Brand Updates: Intel

intel-logo-history copy

Let’s talk about our latest favorite brand refresh: intel. Unveiled at the beginning of September 2020 to coincide with a launch event of a collaborative hardware development effort, a sleeker, more dynamic and elegant visual language emerged, along with Intel Evo, Intel’s 11th gen processor.

On a scale of resounding success to epic failure: Was is the good? the bad? or the ugly?

So, yeah. It’s uh … pretty good.

But, before we dive in, how about we hop in our branding time machine, and talk about how we even got here.

The original intel visual identity appeared back in 1968. Despite being a bit wonky, it had a lengthy 38-year life span.

Intel was founded on July 18, 1968 by Robert Noyce, Gordon Moore and Andre Grove The original Logo was created by the founders Rober Noyce and Gordon Moore in the same year. The original logo, like the latest permutation, was pure logotype. It was basically typeset in a pure bold san-serif typeface, in all lower-case. But, the letter e was dropped below the baseline, so the tail that curved out from the t became the crossbar of the letter e, which would align with the base of the letter l. Of course, this is pre-desktop publishing days. So, it was precision cut and completely custom.

Fun fact: The connection of the t, e, and l are allegedly meant to resemble computer circuitry. We are also introduced to the original trademark blue around this time, as well.

Fast-forward to 1991 when we were introduced to the “Intel Inside” campaign, which would eventually lead to the logo being uniformly adjusted company-wide to reflect this by 2006. I’ll explain. This intel inside campaign has a kind of hand-cut looking vibe with it’s custom typeface. The big deal about this is its encapsulating swoosh. We’re still sticking with blue, but, it’s become a tad lighter and a little less saturated. We still have our original logo. But, we have this extra emblem.

In 2006, they get unified. The type and the swoosh. We get a crisp, stylized – albeit dated- sans-serif, and the swoosh is no longer wrapping around the type. It is brought in so tight that it is diagonally bisected by the letterforms in the upper-left by the tittle or the dot in the letter i and the stem of the letter l. Lest we forget, we also get a new slogan: Leap Ahead. It works!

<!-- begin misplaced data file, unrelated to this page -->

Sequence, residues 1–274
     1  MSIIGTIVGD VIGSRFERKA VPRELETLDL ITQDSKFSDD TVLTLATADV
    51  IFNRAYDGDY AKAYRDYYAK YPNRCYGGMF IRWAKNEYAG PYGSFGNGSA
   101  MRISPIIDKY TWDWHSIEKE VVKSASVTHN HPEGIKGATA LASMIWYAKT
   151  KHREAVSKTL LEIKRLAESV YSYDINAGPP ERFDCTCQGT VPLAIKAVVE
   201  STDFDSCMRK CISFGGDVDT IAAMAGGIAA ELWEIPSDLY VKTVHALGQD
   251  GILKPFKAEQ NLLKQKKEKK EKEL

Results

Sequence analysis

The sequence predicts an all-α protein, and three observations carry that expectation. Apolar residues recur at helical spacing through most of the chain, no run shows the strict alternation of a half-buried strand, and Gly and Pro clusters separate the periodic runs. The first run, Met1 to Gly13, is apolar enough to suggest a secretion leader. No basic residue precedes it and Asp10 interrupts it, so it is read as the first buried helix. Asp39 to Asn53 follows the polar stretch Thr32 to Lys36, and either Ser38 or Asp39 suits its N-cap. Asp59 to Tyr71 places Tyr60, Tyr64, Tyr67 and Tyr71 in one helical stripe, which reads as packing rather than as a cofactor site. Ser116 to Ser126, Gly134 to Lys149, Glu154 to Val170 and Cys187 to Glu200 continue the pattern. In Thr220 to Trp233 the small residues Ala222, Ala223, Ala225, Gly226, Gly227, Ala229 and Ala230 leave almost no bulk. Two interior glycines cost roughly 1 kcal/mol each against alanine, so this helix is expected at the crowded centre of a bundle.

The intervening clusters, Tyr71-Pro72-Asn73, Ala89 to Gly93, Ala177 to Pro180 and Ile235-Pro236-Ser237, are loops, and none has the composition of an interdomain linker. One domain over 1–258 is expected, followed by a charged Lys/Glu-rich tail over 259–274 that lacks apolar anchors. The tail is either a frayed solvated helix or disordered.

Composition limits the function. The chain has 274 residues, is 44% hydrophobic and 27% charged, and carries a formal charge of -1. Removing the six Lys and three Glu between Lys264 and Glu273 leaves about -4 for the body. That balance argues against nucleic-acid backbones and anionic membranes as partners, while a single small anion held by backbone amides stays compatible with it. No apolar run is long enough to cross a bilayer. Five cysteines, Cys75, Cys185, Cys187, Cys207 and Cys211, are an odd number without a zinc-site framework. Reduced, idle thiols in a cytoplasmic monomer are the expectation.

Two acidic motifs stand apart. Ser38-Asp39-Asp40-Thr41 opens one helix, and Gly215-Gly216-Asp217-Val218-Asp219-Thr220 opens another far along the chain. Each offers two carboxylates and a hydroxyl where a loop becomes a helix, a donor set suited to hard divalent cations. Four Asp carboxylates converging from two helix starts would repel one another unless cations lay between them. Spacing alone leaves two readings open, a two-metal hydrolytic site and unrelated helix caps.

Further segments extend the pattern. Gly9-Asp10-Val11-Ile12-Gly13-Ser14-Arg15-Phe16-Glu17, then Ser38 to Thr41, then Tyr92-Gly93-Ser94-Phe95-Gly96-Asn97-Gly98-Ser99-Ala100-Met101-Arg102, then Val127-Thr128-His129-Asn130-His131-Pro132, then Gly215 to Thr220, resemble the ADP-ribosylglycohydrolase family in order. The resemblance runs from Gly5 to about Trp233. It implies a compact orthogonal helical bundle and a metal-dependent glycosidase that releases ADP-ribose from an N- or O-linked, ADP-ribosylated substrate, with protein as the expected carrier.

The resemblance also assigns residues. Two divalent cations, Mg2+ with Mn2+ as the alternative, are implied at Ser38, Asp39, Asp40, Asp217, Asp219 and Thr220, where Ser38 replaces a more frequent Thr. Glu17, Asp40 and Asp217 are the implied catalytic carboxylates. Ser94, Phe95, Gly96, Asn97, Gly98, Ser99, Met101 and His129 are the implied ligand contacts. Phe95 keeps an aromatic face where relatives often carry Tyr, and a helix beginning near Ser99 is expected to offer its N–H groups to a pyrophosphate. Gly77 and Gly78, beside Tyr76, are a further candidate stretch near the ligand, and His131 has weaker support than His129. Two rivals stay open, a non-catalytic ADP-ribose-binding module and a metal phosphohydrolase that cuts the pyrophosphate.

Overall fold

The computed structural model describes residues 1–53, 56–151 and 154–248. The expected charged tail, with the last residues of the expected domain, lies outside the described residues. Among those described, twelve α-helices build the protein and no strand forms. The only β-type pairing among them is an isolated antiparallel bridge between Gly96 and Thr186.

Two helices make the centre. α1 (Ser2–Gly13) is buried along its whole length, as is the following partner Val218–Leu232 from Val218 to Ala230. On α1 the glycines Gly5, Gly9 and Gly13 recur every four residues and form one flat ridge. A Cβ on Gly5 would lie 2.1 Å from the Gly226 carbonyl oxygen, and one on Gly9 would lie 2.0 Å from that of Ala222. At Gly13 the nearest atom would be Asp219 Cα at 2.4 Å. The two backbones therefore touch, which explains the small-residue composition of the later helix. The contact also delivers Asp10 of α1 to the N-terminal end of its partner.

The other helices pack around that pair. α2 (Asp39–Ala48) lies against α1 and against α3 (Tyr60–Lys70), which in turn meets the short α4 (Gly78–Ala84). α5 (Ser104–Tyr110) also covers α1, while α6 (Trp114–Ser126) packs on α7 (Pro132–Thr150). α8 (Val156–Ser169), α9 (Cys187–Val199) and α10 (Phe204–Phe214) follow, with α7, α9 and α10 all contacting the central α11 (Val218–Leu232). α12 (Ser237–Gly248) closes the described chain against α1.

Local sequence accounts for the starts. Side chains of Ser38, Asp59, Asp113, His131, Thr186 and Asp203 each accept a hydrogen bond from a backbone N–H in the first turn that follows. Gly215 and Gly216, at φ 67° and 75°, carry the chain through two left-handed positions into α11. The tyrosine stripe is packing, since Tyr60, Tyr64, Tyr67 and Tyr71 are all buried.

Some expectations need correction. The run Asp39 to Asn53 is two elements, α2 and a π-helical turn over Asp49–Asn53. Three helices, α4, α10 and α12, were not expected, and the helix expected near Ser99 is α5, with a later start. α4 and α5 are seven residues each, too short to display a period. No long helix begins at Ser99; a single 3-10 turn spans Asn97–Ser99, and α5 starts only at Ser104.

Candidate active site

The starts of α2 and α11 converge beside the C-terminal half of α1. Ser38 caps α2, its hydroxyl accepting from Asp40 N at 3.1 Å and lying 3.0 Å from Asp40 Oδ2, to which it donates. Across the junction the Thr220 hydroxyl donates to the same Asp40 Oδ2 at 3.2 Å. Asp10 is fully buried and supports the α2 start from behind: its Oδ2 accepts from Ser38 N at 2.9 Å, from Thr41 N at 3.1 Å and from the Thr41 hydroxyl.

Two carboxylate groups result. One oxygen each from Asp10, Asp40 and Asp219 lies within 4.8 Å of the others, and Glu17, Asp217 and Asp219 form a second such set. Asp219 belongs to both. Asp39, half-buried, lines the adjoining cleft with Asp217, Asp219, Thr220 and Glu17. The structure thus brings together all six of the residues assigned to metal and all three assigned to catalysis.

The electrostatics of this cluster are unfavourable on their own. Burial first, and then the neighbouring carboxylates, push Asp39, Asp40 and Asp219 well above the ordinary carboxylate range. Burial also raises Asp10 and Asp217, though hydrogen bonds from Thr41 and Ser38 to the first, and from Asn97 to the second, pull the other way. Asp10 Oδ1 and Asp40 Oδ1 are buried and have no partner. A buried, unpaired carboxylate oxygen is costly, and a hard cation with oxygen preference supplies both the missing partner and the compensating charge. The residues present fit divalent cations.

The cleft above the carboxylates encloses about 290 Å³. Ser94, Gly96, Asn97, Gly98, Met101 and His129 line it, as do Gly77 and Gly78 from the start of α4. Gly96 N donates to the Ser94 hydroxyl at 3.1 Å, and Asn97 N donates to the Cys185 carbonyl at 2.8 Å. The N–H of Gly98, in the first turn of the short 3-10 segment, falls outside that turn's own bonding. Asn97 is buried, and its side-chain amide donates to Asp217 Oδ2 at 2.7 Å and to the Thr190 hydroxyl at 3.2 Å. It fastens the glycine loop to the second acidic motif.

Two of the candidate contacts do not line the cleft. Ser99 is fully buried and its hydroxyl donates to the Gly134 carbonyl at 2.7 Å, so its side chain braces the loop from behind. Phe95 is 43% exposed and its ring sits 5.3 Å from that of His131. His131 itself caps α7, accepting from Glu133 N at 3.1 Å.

And, once again, we fast-forward almost another decade and a half to today.

The logo is cleaner than ever. The letterforms are a digitally precise semibold sans-serif, with the everything perfectly baseline aligned. The only design element has become the original square dot adorning the letter I, but only when standing by itself. In other words, if the logotype appears with a lockup like intel inside or is subordinated when we see intel evo or core i3, the logotype will be one-color, including that square dot. But, when presented on its own, the square dot gets emphasized with a contrasting color or shade. Why? It represents the company’s history of manufacturing semiconductors and microchips.

Obviously, rebrands like this don’t happen over night. This has been a longtime coming, in an effort to move beyond the Intel Inside slogan. Plus, the reveal in the midst of a pandemic posed interesting obstacles we’re not going to get into.

The brand repositioning wasn’t just spurred by need, it was inspired by a quote from the company’s co-founder, Robert Noyce: “Don’t be encumbered by history. Go off, and do something wonderful.” Since this was ostensibly the ethos that fueled the rebrand, it should come as no surprise their new positioning statement or tagline is “Do Something Wonderful.”

Oh, the color! In the late 60’s, we had a dark saturated blue. In the 90’s we got a muted lighter blue. Now, we not only have a wide ranging palette of blues, we also get brighter colors, like orange and yellow. Ok. This seems really weird, right? But, it makes sense. Colors in different cultures mean different things. And, Intel is a global brand. Plus, they’re major sponsors of the Olympics in Japan. In other words, don’t be surprised if you see a lot of red with Intel’s marketing.


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